Holiday times are when most Americans give back to charities — and not coincidentally, it’s also the time of year when nonprofits and charities send out the most solicitations for donations. There are more than 1.5 million non-profit organizations in the US, so finding the right fit for your giving might seem challenging. We have a finite amount of discretionary income, so you always must choose your donations wisely.
There’s so many facets of donating to charities… how much to donate, what cause to support, vetting how they donate, who is on the board, etc. You want to choose the charities with the causes you are most aligned with to truly help make the world move in the direction you want it to. Here are five insights that will help guide you towards making the most meaningful donations:
Reflect back on the last year for inspiration. Most charitable Americans donate once per year, so it’s best to reflect on the most current social causes that are most important to you.
Alan Ranzer, managing partner and co-founder at Impact 4 Good states “What were the highs and lows of your last year? If the high was a hiking vacation, for instance, maybe give to an organization that gets urban youth out into nature,” he says. Conversely, if you lost a loved one to illness or injury, a charity that helps fund research and awareness about that cause will likely be meaningful to you.
This advice might sound like semantical hair-splitting, but it’s an important distinction. In the aftermath of natural disasters or humanitarian crises, it’s natural to want to help, and charities in related fields often tie their solicitations to those headline-making events. But it’s important to pause and take a step back before pulling out your checkbook or entering your credit card number.
Don’t give in the moment if it means you’re going to make a rash and quick decision. Many Americans think “any donation is a good donation” but think of it this way: everyone has a finite amount of disposable income they can donate, so really plan out your donations and don’t make a knee-jerk decision on THE cause you can donate to.
If an unsolicited plea for funds comes from a charity with which you’re not familiar but their appeal moves you, see if any nonprofits to which you’re already donating are taking up that cause.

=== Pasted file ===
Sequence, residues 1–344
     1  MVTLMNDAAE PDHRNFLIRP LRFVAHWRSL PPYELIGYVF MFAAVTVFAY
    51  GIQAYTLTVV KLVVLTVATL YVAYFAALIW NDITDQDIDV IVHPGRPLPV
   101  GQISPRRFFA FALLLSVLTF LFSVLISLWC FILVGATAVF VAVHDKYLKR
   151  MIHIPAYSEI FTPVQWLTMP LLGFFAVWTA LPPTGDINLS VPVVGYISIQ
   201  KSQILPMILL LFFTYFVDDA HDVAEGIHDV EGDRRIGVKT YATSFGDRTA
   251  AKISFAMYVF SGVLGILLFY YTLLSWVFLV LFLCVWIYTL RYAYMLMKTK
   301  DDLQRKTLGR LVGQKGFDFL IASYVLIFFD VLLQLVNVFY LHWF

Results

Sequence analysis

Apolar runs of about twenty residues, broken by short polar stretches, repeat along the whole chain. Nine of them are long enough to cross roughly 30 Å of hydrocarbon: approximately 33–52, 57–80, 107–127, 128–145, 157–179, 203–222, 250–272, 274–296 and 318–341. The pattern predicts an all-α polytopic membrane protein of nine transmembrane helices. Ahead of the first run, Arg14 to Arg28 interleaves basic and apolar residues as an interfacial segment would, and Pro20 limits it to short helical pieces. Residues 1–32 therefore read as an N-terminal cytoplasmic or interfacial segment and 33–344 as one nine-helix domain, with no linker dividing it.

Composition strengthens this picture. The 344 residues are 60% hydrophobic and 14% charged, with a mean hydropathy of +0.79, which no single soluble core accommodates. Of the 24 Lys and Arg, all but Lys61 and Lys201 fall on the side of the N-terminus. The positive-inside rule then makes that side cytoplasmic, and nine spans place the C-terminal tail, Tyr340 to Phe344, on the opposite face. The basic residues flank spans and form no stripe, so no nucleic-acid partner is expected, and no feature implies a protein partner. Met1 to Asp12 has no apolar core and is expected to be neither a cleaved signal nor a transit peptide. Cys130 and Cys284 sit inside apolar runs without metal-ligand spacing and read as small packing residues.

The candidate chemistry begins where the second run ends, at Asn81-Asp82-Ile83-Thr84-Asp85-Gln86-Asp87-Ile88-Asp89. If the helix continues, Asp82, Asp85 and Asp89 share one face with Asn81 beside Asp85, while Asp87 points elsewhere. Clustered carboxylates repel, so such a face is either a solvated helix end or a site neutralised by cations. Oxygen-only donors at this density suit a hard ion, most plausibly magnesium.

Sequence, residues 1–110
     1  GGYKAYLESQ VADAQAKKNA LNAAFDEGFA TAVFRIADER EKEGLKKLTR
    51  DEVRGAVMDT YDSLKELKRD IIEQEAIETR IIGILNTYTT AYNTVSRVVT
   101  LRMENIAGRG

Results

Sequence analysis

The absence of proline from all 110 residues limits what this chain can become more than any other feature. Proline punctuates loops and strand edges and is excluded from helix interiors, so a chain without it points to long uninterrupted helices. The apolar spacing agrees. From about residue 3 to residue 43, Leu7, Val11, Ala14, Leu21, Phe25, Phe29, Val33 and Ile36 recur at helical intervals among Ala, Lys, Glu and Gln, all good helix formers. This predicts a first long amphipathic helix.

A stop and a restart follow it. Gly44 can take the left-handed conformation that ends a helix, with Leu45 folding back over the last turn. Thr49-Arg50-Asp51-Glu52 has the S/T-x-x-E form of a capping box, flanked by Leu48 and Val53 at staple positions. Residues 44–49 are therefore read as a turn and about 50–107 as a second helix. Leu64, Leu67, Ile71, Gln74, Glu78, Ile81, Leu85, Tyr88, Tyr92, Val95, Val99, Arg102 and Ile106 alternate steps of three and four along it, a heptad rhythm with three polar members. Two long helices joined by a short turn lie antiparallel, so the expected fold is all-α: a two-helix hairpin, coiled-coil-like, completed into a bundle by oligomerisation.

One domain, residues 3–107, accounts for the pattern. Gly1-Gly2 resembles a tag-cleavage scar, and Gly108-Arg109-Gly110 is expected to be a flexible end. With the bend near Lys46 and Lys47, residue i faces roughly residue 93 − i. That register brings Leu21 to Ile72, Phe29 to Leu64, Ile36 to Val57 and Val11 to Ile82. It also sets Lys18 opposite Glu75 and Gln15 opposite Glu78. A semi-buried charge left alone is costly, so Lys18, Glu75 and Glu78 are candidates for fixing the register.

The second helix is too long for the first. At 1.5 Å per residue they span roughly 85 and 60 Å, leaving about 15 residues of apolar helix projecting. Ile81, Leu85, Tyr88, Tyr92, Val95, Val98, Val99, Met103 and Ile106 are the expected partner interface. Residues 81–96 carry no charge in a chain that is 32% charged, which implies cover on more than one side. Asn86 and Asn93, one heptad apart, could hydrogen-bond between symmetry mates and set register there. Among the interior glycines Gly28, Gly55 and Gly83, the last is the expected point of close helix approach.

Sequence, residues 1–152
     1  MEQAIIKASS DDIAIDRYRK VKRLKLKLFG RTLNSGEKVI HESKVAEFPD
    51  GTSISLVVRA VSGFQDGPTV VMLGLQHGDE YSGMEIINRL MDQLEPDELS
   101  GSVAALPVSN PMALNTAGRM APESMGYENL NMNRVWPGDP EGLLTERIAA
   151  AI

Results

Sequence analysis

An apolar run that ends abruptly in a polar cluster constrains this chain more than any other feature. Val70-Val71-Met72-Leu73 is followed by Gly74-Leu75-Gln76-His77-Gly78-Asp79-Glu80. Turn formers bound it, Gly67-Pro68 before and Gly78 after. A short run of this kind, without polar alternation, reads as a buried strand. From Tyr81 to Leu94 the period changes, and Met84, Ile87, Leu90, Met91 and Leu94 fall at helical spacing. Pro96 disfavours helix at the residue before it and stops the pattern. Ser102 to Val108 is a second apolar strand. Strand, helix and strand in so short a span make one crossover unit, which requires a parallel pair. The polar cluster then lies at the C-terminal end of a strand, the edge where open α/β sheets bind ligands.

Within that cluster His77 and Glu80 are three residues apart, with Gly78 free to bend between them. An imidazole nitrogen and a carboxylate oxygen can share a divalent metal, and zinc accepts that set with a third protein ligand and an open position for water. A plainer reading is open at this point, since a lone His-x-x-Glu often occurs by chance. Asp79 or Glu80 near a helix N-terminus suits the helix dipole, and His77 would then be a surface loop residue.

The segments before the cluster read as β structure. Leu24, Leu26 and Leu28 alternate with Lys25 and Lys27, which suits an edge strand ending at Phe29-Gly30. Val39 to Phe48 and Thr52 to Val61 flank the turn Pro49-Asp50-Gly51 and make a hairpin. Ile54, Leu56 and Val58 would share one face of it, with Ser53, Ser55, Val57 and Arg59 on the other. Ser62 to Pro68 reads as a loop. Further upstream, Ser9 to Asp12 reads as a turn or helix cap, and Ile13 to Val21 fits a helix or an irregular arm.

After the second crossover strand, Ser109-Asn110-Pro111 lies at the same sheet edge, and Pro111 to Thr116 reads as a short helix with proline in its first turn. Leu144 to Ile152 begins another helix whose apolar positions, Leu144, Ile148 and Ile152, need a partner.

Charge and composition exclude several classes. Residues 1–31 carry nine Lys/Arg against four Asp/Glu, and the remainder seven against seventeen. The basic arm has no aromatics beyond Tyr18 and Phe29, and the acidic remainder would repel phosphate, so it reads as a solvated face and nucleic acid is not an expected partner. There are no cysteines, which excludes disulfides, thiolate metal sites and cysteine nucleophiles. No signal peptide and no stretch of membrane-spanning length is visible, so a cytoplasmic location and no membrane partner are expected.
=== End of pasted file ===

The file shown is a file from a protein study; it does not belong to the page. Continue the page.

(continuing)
“In today’s world, we have many donors that want to make a difference in their own backyard, but they also want to have an impact globally,” says Una Osili, a well-respected professor at Indiana University’s School of Philanthropy in an interview with TIME Magazine.
Many people like the idea of donating to a local charity because they feel that their dollars can have more of an impact in a smaller organization. “Sometimes looking towards organizations that don’t have the marketing dollars to broaden their reach — those are great organizations to support,” says Ranzer. “Wherever you want to make a difference, that’s a good thing.”
One option is not to view the “global versus local” consideration as an either-or question, says Osili. “In some areas, especially the international arena, a smaller gift can go a long way in terms of bringing services to a poor community,” she points out.
Before you open your wallet, make sure the charity to which you plan to give will use your donation wisely. There are a number of organizations that research charities’ financial health and their commitment to transparency and accountability. Sites such as guidestar.org, charitynavigator.org, charitywatch.org and givewell.org are a good place to start if you’re trying.
to decide on a charity to support, because they deliver quantitative evaluations of doing good.
They do the legwork for you by combing through charities’ tax filings and governance documents so you don’t have to, and present their findings in a straightforward and unbiased manner.
You also can look to trusted institutions for guidance. Experts in charitable giving say it can be useful to see which charities your alma mater, house of worship or employer supports, since their philanthropic efforts are likely to have been undertaken only after rigorous vetting, and it’s likely that your personal value system is at least similarly aligned to that of organizations with which you’re affiliated.
Even if you don’t have a lot of money at the end of the year, there are ways you can help support a cause. Volunteering can be an option, especially for local charities that don’t have the kind of overhead for administrative functions and day-to-day operations as do their larger counterparts.
“If you have time to offer, check volunteermatch.org,” Ranzer says. “You can type in your city and a date, and they will give you organizations you can support that day.” In addition to geographic proximity, you can also search by cause areas like animals, education or health care to find a charity whose mission you want to support.
If you have professional skills — say, experience in accounting or graphic design — that know-how might be highly in demand. Volunteermatch.org is a good resource for finding a match, along with catchafire.org, a platform that matches people who want to do pro bono work with organizations that need assistance.